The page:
You launch an online community for customers, partners, or employees, then two things happen.
These two scenarios create a spiral of fear that prevents many organizations from launching their social business strategy, even though all indications point to customer communities playing a central role in the future of customer relationship management.
On recent episode of Socious' social business web show, ProCommunity, we discussed straightforward ways that organizations can squash these fears and set up processes to overcome these challenges using customer engagement techniques employed in the offline world.
Paul Resnick, Professor at the University of Michigan's School of Information and co-author of the new book, Building Successful Online Communities: Evidence-Based Social Design, offered tangible tips for engaging new members in your community and encouraging contribution.
The following three tips stood out as especially useful for social business professionals and online community managers:
Think about college orientation programs. Colleges and universities don't let students trickle in and get oriented individually. They bring in groups of students together to go from "I know nothing about college" to "I see myself making it here."
By bringing people into your online community in "cohorts," your organization increases new member engagement by starting with smaller mini-communities where customers or members can build connections on a more comfortable scale.
Companies maximize the effectiveness of their online community training program by training new members in groups rather than individually. They also augment the support system for newcomers because new members can lean on each other.
Not all online communities can wait to gather a group of 10 or 20 before orienting them to the community. Whether your online community can bring new members on in groups depends on the community's missions, structure, and membership makeup. If the process is clear and organized, both internal employee social networks and external customer communities can use this approach to improve their new member engagement and onboarding processes.
Think about the military. They have used this technique for generations to build community among new members and commitment to the organization with their boot camp programs.
Online communities have an even better opportunity to use initial activity to drive engagement. Not only would new members feel more comfortable contributing and using the platform, but their contribution would benefit the rest of the community.
New members could be required (or encouraged) to find a question to answer or a discussion topic to respond to. Community managers play an important role helping connect new members with a forum, blog post, video, or document where they can engage based on their expertise.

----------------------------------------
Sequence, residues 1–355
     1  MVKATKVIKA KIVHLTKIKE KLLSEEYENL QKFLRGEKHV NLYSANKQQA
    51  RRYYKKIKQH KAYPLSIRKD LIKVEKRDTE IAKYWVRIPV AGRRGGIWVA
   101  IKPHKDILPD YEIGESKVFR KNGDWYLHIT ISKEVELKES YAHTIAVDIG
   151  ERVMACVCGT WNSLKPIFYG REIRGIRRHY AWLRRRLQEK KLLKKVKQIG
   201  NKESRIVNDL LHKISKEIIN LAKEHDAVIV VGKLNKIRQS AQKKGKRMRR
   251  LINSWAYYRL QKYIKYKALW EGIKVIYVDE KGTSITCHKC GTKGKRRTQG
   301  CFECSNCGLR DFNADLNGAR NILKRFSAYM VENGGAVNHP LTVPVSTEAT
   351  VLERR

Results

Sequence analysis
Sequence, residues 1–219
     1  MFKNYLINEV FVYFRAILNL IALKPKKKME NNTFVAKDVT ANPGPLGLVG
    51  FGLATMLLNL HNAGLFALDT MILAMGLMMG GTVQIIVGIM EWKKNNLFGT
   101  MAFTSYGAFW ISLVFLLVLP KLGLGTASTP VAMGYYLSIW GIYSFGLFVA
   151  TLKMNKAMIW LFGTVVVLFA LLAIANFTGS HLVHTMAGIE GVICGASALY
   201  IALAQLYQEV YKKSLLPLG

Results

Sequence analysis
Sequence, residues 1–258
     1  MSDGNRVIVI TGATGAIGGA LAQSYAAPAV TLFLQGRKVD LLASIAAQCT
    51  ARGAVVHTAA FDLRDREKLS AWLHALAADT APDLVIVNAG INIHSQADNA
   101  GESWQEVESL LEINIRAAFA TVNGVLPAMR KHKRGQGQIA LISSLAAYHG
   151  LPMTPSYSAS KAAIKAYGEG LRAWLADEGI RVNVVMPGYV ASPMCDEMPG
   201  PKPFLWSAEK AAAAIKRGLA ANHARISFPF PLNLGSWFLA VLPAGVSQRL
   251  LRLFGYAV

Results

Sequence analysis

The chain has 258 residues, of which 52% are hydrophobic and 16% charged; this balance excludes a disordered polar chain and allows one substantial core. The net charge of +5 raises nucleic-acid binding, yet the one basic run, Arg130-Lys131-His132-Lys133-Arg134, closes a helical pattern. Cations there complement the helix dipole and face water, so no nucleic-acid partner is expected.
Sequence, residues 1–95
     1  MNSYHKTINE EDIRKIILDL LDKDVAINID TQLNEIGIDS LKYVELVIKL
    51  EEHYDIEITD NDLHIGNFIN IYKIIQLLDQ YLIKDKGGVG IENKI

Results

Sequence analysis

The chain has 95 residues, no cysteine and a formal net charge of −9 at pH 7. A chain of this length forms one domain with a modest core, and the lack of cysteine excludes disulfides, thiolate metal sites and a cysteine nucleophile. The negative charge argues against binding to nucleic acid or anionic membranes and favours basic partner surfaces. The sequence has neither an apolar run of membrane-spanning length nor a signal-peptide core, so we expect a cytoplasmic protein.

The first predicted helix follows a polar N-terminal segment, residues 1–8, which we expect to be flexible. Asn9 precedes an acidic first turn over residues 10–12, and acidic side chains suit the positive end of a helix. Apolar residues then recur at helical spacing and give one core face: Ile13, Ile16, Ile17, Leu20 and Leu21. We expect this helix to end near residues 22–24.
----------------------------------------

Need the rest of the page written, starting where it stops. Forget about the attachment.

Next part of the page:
It's a dual win for the community. The action allows new members to see the path to becoming a fully engaged member of the community and the community benefits from the content that the new member has added.
In Building Successful Online Communities: Evidence-Based Social Design, the "uniqueness principle" refers to asking people to do something by conveying that the specific individual is the only one who can do it. There are two parts to making this work:
In your online community, you'll get more contribution from members if you target specific members to address specific tasks, rather than blasting out group emails asking for someone to respond.
It takes more time from the community management team to make one-to-one asks, but the ultimate results will be much higher contributions in the community. The right online community software platform also makes it easier to find new or veteran members to fit a specific contribution.
Look around you. Communities are everywhere. Many of the successful offline engagement models that you participate in everyday have real implications in your online community.
Many of the fears that your management team has about using online communities to engage customers, partners, or employees are rooted in a lack of information. Anyone would see their social business investment as risky if it was based on hoping they people would be engaged.
Take a deep breath and know that there are proven steps that your organization can take to engage your target audience and grow your online community over time.
Focus on testing, measuring, and adjusting those processes and the fear will disappear.